The Act and Follow-through of Suicide: Part IV

Compilation of Statistics Regarding Suicide

Scott Anderson in his NYT article weaves the grim statistics of suicide in and out of his story. Here’s the morbid list:

General

  • mental illnessThe nation’s suicide rate (11 victims per 100,000 inhabitants) is almost precisely what it was in 1965.
  • In 2005, approximately 32,000 Americans committed suicide, or nearly twice the number of those killed by homicide.
  • The National Institute of Mental Health says that 90 percent of all suicide “completers” display some form of diagnosable mental disorder.

Demographics

  • Both elderly men living in Western states and white male adolescents from divorced families are at elevated risk.

Premeditation vs. Passion

  • [T]he person who best fits the classic definition of “being suicidal” might actually be safer than one acting in the heat of the moment — at least 40 times safer in the case of someone opting for an overdose of pills over shooting himself.
  • In a 2001 University of Houston study of 153 survivors of nearly lethal attempts between the ages of 13 and 34, only 13 percent reported having contemplated their act for eight hours or longer. To the contrary, 70 percent set the interval between deciding to kill themselves and acting at less than an hour, including an astonishing 24 percent who pegged the interval at less than five minutes.
  • “Sticking one’s head in the oven” became so common in Britain that by the late 1950s it accounted for some 2,500 suicides a year, almost half the nation’s total. By the early 1970s, the amount of carbon monoxide
    running through domestic gas lines had been reduced to nearly zero. During those same years, Britain’s national suicide rate dropped by nearly a third, and it has remained close to that reduced level ever since.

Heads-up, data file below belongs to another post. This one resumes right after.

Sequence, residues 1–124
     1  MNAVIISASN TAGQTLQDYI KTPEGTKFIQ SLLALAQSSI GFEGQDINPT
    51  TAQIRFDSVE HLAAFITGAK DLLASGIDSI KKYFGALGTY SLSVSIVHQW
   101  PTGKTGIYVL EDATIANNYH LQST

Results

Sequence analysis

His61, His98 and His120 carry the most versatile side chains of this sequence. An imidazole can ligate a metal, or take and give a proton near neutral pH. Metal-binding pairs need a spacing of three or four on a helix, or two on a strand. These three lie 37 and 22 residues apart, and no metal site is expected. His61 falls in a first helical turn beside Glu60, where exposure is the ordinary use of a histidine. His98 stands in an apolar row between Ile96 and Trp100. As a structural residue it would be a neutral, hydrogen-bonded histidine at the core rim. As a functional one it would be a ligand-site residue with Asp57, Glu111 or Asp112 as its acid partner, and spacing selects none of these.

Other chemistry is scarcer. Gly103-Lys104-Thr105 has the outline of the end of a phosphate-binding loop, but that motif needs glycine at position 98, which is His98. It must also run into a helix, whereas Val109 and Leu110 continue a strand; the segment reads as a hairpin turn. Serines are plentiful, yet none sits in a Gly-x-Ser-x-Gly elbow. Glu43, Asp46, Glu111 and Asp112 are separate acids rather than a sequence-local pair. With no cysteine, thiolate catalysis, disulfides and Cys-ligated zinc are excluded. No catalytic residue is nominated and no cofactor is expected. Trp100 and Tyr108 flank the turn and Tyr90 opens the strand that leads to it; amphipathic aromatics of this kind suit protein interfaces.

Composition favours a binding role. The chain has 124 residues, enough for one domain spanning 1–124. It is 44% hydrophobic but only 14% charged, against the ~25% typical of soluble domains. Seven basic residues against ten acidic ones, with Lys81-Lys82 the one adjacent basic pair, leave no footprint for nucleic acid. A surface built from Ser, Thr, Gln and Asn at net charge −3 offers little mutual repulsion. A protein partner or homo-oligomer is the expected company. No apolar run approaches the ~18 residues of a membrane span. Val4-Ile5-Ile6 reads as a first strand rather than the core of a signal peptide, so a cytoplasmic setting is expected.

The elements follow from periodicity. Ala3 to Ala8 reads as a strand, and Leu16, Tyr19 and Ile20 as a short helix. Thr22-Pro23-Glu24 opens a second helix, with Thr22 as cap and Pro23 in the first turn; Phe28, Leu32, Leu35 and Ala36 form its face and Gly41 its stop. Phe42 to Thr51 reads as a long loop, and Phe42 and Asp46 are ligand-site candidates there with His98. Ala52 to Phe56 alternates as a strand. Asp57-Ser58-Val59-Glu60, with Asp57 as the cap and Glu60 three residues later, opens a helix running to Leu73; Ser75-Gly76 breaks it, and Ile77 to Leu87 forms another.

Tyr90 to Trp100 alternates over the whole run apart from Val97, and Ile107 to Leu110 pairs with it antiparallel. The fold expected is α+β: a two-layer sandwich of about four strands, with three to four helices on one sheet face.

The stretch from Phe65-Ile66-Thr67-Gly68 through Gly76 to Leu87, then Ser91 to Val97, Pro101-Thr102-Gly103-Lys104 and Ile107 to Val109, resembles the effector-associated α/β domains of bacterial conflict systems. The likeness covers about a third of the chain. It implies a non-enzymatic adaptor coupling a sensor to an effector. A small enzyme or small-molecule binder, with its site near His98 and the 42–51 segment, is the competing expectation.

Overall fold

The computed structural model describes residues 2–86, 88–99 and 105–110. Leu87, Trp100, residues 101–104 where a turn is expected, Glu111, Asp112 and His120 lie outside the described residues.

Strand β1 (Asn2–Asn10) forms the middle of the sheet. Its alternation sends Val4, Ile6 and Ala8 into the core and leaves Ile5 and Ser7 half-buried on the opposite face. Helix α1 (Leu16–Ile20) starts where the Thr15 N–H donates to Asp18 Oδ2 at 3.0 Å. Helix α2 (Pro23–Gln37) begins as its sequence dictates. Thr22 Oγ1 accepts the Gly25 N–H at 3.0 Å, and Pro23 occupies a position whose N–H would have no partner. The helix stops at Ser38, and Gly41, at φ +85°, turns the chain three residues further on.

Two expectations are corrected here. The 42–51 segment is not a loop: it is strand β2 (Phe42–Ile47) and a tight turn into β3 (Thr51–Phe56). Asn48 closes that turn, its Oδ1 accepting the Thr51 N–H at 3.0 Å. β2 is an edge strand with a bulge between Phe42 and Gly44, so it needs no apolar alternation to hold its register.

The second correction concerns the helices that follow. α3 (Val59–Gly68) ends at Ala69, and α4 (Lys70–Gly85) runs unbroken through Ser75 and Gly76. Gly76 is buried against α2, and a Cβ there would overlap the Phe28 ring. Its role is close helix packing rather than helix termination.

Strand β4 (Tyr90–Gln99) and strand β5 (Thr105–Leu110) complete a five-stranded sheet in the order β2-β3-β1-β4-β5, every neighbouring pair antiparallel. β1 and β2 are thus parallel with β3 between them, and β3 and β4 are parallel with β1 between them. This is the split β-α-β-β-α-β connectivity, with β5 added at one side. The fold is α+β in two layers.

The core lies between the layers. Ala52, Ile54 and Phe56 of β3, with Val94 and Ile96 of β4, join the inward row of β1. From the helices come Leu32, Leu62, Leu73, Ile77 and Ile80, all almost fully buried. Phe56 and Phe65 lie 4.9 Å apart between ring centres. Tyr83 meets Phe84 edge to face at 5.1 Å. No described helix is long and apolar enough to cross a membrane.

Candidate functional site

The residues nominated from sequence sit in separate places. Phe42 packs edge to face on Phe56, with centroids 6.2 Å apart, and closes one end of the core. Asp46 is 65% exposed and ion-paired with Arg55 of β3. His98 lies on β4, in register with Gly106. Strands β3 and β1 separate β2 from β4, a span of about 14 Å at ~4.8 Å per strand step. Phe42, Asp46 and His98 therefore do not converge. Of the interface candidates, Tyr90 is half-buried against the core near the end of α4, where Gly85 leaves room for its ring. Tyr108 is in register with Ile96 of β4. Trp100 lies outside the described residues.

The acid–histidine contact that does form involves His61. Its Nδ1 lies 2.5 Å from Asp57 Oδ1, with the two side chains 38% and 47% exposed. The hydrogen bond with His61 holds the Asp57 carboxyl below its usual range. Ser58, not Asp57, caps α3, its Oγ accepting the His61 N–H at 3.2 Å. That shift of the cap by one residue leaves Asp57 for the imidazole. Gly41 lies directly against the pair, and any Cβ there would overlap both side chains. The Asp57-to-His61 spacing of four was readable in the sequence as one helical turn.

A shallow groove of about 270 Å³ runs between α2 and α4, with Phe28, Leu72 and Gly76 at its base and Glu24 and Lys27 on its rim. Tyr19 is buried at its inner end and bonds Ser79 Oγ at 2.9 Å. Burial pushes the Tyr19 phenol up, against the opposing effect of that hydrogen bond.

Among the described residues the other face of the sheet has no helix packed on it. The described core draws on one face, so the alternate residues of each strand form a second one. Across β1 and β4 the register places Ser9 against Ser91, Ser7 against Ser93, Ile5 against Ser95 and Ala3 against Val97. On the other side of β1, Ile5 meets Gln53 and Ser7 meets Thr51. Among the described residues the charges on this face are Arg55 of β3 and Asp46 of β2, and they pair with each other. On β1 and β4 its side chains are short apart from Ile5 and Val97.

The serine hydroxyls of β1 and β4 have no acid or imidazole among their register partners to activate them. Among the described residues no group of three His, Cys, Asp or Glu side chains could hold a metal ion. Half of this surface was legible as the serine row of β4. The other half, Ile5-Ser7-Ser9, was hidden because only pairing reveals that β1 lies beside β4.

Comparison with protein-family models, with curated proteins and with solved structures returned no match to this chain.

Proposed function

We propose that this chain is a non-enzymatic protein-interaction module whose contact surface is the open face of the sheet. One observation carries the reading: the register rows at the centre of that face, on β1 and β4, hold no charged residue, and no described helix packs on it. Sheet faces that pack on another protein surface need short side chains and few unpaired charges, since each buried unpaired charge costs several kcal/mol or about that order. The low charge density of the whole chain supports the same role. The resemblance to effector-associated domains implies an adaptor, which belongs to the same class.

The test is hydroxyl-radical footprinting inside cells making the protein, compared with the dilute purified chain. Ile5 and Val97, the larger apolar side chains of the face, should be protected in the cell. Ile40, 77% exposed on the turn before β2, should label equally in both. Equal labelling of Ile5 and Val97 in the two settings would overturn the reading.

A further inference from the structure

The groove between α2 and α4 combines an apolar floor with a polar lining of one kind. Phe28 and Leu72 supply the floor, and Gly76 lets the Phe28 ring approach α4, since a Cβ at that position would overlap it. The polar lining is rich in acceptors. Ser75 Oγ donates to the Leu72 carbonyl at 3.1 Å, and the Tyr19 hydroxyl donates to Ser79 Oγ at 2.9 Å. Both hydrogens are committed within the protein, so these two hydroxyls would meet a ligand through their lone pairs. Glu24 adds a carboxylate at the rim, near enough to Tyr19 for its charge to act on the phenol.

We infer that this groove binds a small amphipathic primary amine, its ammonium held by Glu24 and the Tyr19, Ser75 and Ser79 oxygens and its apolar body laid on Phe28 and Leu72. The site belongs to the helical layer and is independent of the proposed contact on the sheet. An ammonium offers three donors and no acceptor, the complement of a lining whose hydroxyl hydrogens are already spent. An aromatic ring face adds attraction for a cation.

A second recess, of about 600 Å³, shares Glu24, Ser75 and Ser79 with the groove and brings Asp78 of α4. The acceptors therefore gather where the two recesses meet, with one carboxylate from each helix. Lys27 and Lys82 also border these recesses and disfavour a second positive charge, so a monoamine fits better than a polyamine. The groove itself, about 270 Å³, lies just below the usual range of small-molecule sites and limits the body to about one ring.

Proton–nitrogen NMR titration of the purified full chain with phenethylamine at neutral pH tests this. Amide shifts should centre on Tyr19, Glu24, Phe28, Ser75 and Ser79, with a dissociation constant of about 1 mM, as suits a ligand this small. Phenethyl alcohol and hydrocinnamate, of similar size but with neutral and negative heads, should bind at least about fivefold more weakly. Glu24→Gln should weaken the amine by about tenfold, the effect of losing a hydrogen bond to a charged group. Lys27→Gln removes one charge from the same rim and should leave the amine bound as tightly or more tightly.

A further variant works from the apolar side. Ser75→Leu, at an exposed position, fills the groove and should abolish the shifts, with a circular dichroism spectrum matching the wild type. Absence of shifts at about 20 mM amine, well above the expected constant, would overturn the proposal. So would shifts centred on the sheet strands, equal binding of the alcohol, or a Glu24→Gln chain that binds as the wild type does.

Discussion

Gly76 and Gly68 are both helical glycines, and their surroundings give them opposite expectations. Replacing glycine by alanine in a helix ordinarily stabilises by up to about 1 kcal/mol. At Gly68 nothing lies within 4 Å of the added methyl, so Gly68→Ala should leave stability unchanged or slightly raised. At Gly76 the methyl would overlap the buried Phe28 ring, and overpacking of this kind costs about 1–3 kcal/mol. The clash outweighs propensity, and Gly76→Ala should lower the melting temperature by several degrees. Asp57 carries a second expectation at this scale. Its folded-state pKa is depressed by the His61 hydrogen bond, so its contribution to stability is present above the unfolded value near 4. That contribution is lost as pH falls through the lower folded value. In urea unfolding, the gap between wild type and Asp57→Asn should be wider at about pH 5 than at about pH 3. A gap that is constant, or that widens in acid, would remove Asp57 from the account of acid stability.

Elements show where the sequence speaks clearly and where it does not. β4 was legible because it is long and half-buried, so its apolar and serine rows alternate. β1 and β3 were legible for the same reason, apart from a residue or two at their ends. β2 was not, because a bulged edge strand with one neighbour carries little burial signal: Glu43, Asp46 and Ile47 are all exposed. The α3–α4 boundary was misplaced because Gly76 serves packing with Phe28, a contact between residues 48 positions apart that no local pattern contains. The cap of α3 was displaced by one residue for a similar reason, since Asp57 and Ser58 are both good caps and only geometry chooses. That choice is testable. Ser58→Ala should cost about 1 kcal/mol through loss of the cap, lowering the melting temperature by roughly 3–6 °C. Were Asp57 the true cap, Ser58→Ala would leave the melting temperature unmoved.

Jumping

  • Jumpers have a lower history of prior suicide attempts, diagnosed mental illness (with the exception of schizophrenia) or drug and alcohol abuse than is found among those who die by less lethal methods, like taking pills or poison.

The Golden Gate Bridge

  • Golden Gate BridgeThe Golden Gate has had the distinction of being the most popular suicide magnet on earth, a  place where an estimated 2,000 people have ended their lives.
  • The number of would-be jumpers thwarted from leaping off the Golden Gate Bridge between 1937 and 1971 totaled 515 individuals; about 6-10 percent of individuals were deemed as death by suicide.
  • Less than 10 percent of people thwarted from jumping off the Golden Gate Bridge went on to kill themselves, a host of studies show that same percentage holds among those who carry out “near fatal” attempts but somehow survive.

The Ellington and Taft Bridges

  • Ellington_and_Taft_BridgesBy the 1980s, the four people who, on average, leapt from [the Ellington Bridge’s] stone  balustrades each year accounted for half of all jumping suicides in the nation’s capital. The adjacent Taft [Bridge], by contrast, averaged less than two.